Pro Gamer Fired After Making Disparaging Remarks About Men’s Height

Pro Gamer Fired After Making Disparaging Remarks About Men’s Height

Professional Tekken player Tanukana has been booted from Osaka-based esports team Cyclops Athlete Gaming for remarks she made in a livestream.

Cyclops Athlete Gaming competes in first-person shooters like PUBG, Call of Duty, and Rainbow Six Siege as well as fighting games like Tekken. She has been featured in the mainstream Japanese press, including this clip from newspaper Kobe Shimbun. She was, as Kotaku’s Ian Walker previously wrote, a rising star.

In a February 15 stream, Tanukana said, “Men who are under 170 cm (5 ft 6.9 in) don’t have human rights.” She added they should look into getting bone-lengthening surgery. (According to Healthline, the average height for men in Japan is 170.8 cm or 5 ft 7.2 in. or 5 ft 7.2 in.)

In Japanese, the word for human rights is jinken (人権). But in gaming parlance, jinken refers to an item or character that all players need to have. On Twitter, a debate has ensued over whether the slang led to Tanukana’s remark.

Regardless, the remark caused controversy online in Japan and was splashed all over Yahoo! News. In a now-deleted tweet, Tanukana wrote, “It was pointed out to my that my stream contained hate speech.” She added that this was not her intention and that she poorly expressed her love of tall people. She did apologise, but it was hardly the kind of formal apology that’s become expected in Japan.

Cyclops also issued an apology, writing, “We’ve confirmed that on February 15, Tanukana, who is a member of Cyclops Athlete Gaming, made an improper remark on a stream. Regarding this matter, we would like to offer a deep apology to the fans, sponsors, and everyone else who supports us.”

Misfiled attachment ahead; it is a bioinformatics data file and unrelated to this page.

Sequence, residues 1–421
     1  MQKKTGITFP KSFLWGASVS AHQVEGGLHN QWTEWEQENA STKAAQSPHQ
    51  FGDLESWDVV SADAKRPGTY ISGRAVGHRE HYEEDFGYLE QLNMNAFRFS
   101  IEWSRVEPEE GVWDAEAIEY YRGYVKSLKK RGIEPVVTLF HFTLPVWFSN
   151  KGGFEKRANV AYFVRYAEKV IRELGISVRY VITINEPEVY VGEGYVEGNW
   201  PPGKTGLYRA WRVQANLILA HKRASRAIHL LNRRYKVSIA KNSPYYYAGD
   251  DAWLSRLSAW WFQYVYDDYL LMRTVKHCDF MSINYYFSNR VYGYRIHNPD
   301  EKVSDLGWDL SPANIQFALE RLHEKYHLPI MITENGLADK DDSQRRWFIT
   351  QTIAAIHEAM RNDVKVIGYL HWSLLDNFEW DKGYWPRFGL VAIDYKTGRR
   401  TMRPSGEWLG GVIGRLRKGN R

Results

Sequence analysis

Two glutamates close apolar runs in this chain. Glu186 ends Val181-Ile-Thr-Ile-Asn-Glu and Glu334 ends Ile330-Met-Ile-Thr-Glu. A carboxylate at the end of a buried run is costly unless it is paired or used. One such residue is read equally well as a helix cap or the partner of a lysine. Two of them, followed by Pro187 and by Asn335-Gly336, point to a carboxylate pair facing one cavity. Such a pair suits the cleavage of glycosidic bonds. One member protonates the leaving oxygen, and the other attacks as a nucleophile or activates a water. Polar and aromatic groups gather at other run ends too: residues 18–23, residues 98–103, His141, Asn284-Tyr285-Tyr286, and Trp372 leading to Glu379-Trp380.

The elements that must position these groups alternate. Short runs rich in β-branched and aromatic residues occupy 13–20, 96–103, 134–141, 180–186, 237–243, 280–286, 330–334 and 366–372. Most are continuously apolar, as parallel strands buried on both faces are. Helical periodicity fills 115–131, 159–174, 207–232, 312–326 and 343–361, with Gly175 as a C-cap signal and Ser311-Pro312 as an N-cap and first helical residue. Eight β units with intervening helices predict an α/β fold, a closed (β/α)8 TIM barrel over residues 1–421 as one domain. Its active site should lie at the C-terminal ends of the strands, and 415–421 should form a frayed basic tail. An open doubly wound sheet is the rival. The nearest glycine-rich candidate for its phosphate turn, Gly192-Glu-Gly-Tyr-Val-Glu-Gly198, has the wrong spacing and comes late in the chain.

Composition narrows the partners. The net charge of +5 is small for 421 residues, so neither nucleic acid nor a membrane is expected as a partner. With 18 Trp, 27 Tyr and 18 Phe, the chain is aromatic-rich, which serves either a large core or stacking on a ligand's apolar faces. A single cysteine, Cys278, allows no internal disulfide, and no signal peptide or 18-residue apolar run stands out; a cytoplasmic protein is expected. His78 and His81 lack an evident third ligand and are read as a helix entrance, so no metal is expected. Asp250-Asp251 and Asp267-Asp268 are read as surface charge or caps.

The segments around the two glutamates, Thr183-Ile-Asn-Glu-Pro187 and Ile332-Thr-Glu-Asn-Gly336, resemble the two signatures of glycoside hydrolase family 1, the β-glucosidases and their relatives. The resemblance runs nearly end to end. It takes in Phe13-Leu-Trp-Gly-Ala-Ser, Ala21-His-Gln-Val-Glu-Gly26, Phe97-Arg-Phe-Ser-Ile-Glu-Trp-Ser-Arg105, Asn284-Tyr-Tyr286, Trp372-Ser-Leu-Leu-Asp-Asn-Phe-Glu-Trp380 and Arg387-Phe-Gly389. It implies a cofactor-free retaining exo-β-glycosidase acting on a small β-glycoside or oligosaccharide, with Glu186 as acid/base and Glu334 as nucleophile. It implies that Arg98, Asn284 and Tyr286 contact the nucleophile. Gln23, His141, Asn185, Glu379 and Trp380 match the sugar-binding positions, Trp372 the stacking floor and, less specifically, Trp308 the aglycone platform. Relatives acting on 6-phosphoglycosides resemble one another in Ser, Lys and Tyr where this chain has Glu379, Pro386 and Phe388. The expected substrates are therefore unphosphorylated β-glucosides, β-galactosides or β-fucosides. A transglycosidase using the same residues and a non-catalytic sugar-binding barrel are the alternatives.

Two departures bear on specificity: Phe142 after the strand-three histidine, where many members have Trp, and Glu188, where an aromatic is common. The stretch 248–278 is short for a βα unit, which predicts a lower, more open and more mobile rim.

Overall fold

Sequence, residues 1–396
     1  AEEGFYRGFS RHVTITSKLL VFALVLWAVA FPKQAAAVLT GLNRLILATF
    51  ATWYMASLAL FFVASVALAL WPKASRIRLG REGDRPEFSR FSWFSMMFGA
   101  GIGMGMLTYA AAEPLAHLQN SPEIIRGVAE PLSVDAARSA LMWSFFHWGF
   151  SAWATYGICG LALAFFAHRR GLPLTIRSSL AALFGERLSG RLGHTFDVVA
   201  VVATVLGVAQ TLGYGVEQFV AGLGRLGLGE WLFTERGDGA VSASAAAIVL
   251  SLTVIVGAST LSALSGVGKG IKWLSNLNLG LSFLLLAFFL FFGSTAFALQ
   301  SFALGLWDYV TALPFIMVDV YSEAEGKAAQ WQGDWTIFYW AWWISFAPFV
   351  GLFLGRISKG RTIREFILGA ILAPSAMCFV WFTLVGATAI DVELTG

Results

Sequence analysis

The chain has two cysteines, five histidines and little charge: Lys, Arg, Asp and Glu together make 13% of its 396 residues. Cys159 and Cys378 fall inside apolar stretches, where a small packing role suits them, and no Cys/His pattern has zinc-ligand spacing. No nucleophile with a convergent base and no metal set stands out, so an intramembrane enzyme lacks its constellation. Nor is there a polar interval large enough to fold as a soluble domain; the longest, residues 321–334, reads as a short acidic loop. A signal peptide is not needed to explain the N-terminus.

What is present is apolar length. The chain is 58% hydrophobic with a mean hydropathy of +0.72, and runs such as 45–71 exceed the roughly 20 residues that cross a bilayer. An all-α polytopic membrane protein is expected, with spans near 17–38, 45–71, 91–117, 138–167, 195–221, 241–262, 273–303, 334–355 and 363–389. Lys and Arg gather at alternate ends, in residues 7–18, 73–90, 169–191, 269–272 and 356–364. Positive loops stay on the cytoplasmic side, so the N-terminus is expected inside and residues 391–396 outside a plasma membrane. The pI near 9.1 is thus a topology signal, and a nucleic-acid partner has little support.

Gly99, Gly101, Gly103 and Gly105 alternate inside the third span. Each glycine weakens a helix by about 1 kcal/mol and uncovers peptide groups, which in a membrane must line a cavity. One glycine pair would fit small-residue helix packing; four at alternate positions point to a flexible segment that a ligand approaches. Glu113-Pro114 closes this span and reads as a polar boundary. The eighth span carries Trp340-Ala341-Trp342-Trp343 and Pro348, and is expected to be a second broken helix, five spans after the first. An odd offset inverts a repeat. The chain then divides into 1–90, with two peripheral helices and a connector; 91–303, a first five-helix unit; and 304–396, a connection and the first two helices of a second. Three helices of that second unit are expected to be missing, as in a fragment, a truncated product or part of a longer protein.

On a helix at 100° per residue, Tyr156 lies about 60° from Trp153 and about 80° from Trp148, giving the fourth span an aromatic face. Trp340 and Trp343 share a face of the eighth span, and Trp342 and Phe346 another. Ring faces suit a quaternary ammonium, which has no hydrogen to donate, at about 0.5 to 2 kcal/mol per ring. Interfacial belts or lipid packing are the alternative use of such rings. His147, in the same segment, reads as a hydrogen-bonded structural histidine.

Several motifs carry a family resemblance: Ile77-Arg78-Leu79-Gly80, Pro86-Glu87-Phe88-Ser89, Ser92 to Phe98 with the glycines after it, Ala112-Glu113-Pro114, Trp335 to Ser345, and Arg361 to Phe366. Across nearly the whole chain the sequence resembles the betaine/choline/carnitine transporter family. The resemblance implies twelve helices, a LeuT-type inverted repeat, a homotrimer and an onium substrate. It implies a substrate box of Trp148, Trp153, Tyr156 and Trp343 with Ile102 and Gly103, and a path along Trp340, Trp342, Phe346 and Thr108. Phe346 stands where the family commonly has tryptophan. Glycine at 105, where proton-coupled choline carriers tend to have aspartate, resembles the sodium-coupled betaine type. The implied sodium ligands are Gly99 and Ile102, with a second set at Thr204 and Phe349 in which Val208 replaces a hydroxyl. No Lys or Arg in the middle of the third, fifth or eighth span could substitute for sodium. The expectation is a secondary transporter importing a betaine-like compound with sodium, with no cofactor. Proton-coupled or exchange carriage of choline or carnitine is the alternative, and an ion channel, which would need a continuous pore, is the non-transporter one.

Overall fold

And Tanukana apologised once again with a more formal tweet that addressed fans and the team’s sponsor, Red Bull. “I have deep remorse for this statement, which is unbecoming of a pro esports athlete and a member of society,” wrote Tanukana.

All this happened against a backdrop in which “pro gamer” has been defined in Japan and where there are licenses to game professional. According to the Japan Esports Union, one of the main points that define a pro gamer is “self-awareness of being a professional.” This stipulation seems to have been added so that esports pros are taken seriously in Japan.

But really, it’s simpler than that. Tanukana’s Cyclops page had a laundry list of sponsors that included Alienware and Red Bull. In the wake of the controversy, all the sponsors were scrubbed from her page.

Sponsors don’t want controversy, even if things seem blown out of proportion. Teams need sponsors. It appears that something — or someone — had to give, and that’s exactly what happened. Cyclops later announced it had terminated Tanukana’s contract.


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